And that’s the problem with trying to scientifically prove a case for or against circumcision. I do believe that we can and should use science to illuminate the issue, but it cannot be the only way we look at it. Even if routine infant circumcision had huge benefits that could not be had in any other way (which test it currently fails), it still would remove healthy tissue from an unconsenting patient for future benefits in a non-emergent situation, and thus fails even the most basic of medical ethics: beneficence, non-maleficence, justice, autonomy, and proportionality. The biases, emotions, and cultural backgrounds of the human beings doing the science will always be there and can never be severed from the conclusions, though many would like to pretend so.
This problem is not limited to circumcision. As many personality psychologists have pointed out, America has a distinctly positivist, rational bent of thought, valuing science above such “softer, squishier” epistemologies like ethics or emotions. Whether this is because of the effects of detached parenting practices, as my colleague Dr. Darcia Narvaez suggests, or of the culture, or a combination of both, we have seen a lot of it recently, especially in the AAP’s recent statement on circumcision that ignored the ethical questions fundamental to routine infant circumcision, or Pediatrics‘ endorsement of crying it out as a valid nighttime parenting technique. For both of these statements, they chose to privilege scientific studies without addressing the ethics of the questions. I have addressed the ethics of routine infant circumcision repeatedly, but the same argument can be made against leaving a baby to cry it out as a nighttime parenting method: it obviously causes the baby distress (as evidenced by the crying) and is, as we used to say in law school, neither necessary nor sufficient to achieve its goal of sleeping through the night. It is not necessary because babies can learn to sleep longer without being left to cry (our four children all sleep fine without ever crying it out), and it is not sufficient because crying it out doesn’t work once and for all and has to be employed repeatedly as the baby passes through developmental stages (and can eventually get out of bed on his or her own to protest being left alone to cry.) More fundamentally, they didn’t even question the goal of having a baby sleep through the night, which is an American ideal that is not universally shared. Dr. James McKenna of Notre Dame has studied infant sleep and concluded that breastfeeding infants who sleep with their mothers enjoy many benefits. In Japan, children sleep with their parents well into their childhood. The Japanese are unlikely to produce studies that endorse leaving an infant to cry in a room as a valid parenting method because it would never occur to them to have that goal, nor that method to achieve it. Why? The Japanese see children as needing to be integrated into a collectivist society and co-sleep toward that end. Americans see children as needing to be separated from dependents into individuals in an individualistic society, and place them in cribs and try to teach them to “self-soothe.” You see, science is inseparable from culture, and to pretend that there are objective answers to subjective decisions is unethical and cowardly. Routine infant circumcision is a messy issue that evokes strong emotions on both sides, and it should – caring for our babies is of utmost importance. Dismissing that reality as not scientifically verifiable is both a stupid tautology and immoral.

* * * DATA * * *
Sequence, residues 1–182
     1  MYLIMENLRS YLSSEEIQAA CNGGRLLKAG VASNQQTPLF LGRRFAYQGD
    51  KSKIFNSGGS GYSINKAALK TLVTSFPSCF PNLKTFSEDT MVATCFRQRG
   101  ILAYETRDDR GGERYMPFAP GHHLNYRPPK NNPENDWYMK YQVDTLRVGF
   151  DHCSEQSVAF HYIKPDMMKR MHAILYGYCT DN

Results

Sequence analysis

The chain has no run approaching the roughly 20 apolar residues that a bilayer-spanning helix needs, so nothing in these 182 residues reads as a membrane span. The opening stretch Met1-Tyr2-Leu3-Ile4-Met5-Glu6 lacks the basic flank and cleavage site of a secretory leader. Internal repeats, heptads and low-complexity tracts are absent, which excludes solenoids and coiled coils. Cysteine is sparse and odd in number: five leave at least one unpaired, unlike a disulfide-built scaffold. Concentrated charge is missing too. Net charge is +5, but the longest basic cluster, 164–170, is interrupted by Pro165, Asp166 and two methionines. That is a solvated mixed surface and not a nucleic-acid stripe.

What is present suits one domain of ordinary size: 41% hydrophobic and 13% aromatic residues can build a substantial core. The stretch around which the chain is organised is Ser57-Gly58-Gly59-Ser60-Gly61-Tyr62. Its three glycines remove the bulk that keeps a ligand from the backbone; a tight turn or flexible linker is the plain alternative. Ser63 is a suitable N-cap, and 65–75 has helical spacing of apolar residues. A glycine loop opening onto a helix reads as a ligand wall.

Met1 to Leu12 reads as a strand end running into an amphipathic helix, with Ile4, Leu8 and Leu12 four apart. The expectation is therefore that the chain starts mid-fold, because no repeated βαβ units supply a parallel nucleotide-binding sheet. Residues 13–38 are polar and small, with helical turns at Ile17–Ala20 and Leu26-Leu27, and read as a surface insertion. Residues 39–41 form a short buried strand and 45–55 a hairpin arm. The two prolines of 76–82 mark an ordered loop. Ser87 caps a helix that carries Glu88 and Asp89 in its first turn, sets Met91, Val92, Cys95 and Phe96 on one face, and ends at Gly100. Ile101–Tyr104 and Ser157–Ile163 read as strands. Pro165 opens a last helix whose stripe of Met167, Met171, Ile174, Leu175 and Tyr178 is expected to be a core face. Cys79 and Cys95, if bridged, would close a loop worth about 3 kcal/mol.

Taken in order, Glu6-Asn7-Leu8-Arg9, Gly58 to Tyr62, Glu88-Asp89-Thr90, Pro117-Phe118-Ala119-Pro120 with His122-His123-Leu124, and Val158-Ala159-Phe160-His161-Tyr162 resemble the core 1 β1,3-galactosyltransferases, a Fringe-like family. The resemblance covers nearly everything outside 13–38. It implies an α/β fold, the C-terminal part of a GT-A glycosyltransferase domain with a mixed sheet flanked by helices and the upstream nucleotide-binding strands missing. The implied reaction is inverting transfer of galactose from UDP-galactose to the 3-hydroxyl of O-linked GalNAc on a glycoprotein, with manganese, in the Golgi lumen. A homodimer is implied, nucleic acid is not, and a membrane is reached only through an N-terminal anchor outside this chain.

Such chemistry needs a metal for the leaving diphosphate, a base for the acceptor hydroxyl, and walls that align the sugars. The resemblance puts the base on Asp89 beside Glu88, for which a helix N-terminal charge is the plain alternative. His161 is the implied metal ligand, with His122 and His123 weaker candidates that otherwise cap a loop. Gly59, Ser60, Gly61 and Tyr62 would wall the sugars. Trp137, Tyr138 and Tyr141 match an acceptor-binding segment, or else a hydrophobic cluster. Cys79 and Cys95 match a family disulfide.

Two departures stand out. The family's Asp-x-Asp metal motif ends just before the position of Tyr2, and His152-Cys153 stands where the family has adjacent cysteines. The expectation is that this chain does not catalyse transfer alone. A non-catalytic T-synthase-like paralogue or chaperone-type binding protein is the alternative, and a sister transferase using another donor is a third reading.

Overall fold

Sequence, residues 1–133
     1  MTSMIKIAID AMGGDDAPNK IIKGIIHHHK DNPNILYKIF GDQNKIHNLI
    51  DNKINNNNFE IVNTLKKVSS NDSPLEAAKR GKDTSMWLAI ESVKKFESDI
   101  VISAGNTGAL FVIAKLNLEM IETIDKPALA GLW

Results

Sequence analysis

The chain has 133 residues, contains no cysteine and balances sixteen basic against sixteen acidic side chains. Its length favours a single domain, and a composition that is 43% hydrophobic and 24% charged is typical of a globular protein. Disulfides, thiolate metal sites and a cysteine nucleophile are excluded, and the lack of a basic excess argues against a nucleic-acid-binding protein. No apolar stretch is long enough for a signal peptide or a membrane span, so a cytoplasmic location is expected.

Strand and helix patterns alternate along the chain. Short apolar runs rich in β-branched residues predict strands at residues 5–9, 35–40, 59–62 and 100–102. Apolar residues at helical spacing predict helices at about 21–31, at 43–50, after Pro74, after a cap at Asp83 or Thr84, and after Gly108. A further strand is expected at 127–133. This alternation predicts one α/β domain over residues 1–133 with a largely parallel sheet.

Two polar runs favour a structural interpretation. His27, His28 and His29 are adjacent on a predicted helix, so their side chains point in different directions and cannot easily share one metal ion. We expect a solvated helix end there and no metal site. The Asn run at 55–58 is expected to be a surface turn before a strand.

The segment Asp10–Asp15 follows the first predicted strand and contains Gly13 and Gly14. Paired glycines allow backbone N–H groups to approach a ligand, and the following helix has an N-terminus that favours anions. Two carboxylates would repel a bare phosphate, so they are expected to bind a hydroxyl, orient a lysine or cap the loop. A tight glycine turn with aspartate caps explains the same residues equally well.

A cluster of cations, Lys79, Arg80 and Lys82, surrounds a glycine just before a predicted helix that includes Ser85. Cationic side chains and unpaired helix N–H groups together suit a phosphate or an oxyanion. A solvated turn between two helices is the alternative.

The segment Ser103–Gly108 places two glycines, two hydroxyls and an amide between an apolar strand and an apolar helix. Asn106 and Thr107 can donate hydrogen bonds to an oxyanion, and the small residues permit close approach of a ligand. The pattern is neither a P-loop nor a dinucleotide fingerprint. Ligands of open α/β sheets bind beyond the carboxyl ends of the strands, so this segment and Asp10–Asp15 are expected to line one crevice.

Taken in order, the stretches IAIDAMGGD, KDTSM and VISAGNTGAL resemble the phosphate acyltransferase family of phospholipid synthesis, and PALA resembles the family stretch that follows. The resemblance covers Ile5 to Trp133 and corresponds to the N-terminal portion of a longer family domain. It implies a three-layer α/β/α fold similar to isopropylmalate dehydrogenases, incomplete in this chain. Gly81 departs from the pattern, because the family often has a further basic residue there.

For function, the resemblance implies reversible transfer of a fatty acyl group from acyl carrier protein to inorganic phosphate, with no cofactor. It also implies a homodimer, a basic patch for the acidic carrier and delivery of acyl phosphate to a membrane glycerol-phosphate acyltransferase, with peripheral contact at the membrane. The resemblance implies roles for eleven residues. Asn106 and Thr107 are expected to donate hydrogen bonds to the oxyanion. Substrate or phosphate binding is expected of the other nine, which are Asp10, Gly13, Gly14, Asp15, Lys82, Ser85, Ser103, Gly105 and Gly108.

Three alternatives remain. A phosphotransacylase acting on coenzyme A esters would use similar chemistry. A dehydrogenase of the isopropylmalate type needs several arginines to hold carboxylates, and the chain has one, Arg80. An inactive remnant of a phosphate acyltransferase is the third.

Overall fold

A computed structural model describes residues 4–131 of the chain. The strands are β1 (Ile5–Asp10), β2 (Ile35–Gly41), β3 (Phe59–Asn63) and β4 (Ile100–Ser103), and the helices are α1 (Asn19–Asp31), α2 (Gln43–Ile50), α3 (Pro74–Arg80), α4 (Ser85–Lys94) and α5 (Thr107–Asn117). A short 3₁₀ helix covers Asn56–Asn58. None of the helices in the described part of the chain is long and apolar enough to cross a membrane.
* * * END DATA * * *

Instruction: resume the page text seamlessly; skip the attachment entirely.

[Postscript: I failed to save the comment I wrote on the other blog that deleted me. This was a valuable lesson to always save my work! I may try to recreate it here for my next post, though.]